EMS workers face job hazards that put them at high risk for occupational illnesses, injuries, and fatalities. In 2014, there were over 22,000 emergency medical service workers who were treated in U.S. hospital emergency departments.
High Risks for EMS Workers
Emergency medical services (EMS) workers face a variety of job hazards that increase their risks for illnesses, injuries, and fatalities. Common occupational hazards include:
- Daily lifting of patients and equipment
- Treatment of patients with infectious illnesses and diseases
- Exposure to hazardous chemicals and patient bodily fluids
- Riding in high-speed emergency vehicles
- Riding in emergency air-lift vehicles
According to the Centers for Disease Control and Prevention (CDC), most occupational injuries to EMS workers occur while responding to 9-1-1 calls. Among EMS worker illnesses and injuries, the most common diagnosis relates to sprains and strains to the upper and lower body, hands, and fingers. Approximately 50% of injuries are related to overexertion while lifting patients and equipment, while another 30% of illnesses are related to exposure to harmful substances including potentially infectious materials such as body fluids. Slip-and-fall accidents, vehicle crashes, and violence account for the third leading cause of injuries and fatalities suffered by EMS workers.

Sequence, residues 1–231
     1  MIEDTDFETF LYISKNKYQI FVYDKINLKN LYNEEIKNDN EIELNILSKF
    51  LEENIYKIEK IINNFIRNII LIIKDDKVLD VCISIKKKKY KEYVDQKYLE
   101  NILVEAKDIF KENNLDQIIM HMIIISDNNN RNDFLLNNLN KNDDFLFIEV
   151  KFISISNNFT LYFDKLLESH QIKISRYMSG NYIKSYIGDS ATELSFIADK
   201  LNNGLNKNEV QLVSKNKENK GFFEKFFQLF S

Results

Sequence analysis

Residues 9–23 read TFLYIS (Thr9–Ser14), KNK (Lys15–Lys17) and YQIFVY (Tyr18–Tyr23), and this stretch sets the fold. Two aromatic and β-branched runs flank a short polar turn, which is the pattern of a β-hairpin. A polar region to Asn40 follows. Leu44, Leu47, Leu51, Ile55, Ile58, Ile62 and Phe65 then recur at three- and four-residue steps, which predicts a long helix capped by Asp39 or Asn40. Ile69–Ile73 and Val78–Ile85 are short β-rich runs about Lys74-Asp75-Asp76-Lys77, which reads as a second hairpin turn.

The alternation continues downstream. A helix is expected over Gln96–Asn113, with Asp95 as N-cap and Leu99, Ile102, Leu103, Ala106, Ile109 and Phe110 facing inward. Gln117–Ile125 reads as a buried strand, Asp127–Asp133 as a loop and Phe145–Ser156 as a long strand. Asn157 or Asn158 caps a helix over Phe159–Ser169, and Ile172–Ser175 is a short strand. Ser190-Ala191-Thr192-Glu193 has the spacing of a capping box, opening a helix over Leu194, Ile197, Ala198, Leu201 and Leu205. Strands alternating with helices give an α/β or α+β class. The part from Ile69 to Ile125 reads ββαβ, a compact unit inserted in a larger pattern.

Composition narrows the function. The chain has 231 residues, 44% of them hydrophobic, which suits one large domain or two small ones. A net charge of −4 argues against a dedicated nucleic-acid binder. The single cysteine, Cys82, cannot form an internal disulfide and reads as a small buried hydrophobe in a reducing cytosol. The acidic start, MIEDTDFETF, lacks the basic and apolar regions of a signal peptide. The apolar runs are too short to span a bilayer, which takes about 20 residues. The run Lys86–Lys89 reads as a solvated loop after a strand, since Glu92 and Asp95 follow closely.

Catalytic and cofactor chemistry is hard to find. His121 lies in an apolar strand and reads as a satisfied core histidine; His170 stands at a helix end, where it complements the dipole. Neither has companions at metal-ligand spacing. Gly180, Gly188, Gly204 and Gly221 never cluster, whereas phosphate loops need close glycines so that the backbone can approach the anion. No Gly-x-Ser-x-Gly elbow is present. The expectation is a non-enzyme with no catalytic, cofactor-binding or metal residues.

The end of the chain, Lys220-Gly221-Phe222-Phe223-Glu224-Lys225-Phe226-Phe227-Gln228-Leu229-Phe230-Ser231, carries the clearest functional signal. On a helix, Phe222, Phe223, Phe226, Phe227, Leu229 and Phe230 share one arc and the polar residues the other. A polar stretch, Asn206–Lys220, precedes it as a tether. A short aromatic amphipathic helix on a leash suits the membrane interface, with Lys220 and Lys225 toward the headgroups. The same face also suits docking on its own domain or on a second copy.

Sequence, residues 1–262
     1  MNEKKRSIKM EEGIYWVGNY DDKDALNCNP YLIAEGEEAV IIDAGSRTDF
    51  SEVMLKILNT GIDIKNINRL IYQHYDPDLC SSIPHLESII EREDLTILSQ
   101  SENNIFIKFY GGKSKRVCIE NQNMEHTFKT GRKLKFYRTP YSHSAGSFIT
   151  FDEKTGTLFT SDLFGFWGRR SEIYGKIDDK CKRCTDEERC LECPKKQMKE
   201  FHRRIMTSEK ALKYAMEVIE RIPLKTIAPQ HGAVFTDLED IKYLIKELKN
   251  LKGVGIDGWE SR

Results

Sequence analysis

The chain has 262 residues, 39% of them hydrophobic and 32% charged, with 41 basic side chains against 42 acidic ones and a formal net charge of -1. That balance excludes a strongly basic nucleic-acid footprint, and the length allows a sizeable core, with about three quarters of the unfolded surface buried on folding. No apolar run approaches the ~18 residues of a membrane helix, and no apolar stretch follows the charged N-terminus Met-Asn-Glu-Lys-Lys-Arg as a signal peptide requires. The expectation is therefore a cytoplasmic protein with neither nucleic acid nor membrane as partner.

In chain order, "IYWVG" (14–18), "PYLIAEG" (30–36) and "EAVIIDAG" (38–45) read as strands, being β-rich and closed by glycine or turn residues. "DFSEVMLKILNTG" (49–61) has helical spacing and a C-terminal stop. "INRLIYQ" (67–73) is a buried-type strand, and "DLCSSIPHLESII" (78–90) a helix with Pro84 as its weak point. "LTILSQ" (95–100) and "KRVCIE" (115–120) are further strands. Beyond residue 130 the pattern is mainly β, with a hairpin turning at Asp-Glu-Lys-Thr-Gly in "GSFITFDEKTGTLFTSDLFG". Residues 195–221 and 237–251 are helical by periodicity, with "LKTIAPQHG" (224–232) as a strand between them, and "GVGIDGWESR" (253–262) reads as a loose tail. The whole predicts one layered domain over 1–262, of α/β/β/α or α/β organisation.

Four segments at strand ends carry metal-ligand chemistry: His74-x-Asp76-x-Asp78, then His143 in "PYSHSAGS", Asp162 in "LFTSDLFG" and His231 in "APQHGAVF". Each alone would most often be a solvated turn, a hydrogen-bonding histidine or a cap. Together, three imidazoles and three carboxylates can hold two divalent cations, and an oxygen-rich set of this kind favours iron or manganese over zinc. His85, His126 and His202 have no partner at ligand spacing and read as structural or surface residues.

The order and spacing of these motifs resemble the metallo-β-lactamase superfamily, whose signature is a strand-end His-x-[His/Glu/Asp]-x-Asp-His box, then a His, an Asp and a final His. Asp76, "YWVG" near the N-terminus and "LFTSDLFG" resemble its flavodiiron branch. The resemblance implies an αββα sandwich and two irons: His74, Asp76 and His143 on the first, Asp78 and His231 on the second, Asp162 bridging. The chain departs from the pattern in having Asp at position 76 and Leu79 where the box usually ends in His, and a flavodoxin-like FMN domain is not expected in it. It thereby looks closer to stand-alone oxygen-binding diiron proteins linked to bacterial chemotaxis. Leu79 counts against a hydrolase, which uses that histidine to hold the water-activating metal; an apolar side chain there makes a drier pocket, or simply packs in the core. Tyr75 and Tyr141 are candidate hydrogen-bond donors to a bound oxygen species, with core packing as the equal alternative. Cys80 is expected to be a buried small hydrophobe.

Safety and Prevention
According to the National Institute for Occupational Safety and Health (NIOSH), EMS workers have a high rate of occupational injuries compared to other workers. Illnesses and injuries result in decreased production, increased days off from work, and a high rate of workers’ compensation claims seen by a work injury lawyer each year. To promote safety and prevent injuries, NIOSH recommends that employers promote safe patient-handling techniques that reduce exertion injuries and protect workers from exposure to hazardous materials. They encourage employers to implement and maintain a comprehensive plan that addresses waste disposal and decontamination procedures to prevent exposure as outlined in OSHA’s Bloodborne Pathogens Standard.
According to the National Highway Traffic Safety Administration (NHTSA), ambulance accidents account for at least 2,600 injuries every year, and 60% of those accidents occur during emergency 9-1-1 responses. Emergency responder fatality rates are almost five times higher than the national average for other car crash victims. To reduce accidents and injuries NIOSH recommends seat belts in all ambulances, secured equipment in patient compartments, prohibited use of cell phones by workers, and training for EMS vehicle drivers. They also recommend de-escalation procedures and self-defense training for protection from incidences of violence.